Next week (or the next or the next…), I hope to share something that finally made two seemingly conflicting ideas sit down and talk it out. Until then…
A young friend dutifully praying on my guest room rug– “In the name of Allah, the Entirely Merciful, the Especially Merciful…” –while above her were frames of Jesus’ words, “I am the way, the truth, and the life.”
Visitors from the U.S., the first in several years. I love cross-cultural work, but relating to those with whom I share both culture and faith is uplifting. And, Lord willing, more visitors arrive in a few days!
A Mediterranean baptism on a beautiful–albeit chilly– November day.
Uncontrollable evening laughter.
A bowlful of ripening avocados because I had mentioned to my student that if I had one food to live on, I would choose avocados. (She said she’d choose dates.)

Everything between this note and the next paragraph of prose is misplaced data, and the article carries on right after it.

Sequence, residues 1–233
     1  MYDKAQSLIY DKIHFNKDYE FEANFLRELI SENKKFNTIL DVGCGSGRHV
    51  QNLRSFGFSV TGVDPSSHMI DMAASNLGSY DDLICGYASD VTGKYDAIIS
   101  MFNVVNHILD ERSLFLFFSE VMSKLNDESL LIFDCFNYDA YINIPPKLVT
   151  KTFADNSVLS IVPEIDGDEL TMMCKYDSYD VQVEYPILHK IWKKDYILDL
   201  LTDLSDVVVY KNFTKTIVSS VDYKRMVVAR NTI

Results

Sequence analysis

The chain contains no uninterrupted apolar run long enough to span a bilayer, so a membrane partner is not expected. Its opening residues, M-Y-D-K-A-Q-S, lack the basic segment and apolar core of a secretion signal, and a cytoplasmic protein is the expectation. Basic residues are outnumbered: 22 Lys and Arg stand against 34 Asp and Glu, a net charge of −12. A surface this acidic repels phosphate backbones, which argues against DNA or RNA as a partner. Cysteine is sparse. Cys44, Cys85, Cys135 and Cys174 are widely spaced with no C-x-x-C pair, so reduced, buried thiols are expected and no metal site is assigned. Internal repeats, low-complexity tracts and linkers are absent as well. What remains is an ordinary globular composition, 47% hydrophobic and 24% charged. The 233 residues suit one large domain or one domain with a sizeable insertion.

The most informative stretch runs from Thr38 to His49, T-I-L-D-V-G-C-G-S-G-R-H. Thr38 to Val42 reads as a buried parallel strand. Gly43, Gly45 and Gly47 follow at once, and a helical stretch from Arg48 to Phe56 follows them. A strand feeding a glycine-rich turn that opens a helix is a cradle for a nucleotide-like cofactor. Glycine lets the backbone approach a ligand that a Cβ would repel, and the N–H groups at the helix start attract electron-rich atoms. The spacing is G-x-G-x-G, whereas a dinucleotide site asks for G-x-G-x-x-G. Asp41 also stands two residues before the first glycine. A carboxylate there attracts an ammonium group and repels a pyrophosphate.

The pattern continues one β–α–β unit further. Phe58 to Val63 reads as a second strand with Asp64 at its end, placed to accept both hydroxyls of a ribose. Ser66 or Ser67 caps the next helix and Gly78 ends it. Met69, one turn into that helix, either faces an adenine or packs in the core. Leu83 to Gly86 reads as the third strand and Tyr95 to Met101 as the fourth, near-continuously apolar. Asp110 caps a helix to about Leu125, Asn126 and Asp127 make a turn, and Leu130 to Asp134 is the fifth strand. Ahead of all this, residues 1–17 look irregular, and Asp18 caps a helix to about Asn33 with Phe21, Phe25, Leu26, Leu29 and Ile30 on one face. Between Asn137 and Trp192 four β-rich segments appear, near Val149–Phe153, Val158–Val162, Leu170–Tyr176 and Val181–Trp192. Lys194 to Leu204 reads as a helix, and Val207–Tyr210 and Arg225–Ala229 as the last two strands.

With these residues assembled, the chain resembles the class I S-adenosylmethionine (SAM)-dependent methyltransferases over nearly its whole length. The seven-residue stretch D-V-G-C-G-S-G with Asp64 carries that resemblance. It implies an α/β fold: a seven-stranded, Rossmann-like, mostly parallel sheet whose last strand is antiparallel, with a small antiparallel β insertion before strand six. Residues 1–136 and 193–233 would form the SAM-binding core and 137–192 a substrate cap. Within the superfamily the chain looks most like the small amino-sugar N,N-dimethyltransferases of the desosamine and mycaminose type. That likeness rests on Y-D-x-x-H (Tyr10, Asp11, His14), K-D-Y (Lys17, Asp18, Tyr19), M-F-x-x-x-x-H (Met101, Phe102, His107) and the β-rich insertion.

A neighbor who asked for my tikka masala recipe.
Weather that begs for coffee.
A young mother who thought she knew me… and didn’t, but ended up asking for my phone number anyway.
A day trip to the mountains where I sat on a hill and talked on the phone like the un-hiker that I am. It was one of those hills with loose rocks and thorns that put “brickles in my britches. But I stayed there anyway.” (For that quote, you’ll have to read “What Was I Scared Of?” by Dr. Seuss.) Afterwards, my teammate and I unintentionally had tapas in a casino.
Storekeepers who drop the price without my even asking.
A climate where fruit is in season all year round. Right now it’s the mandarins that pop between teeth and turn to sweet puddles on tongues. And the fat persimmons. And rosy pomegranates. And even the chirimoyas, which I’m not particularly fond of but can appreciate in season.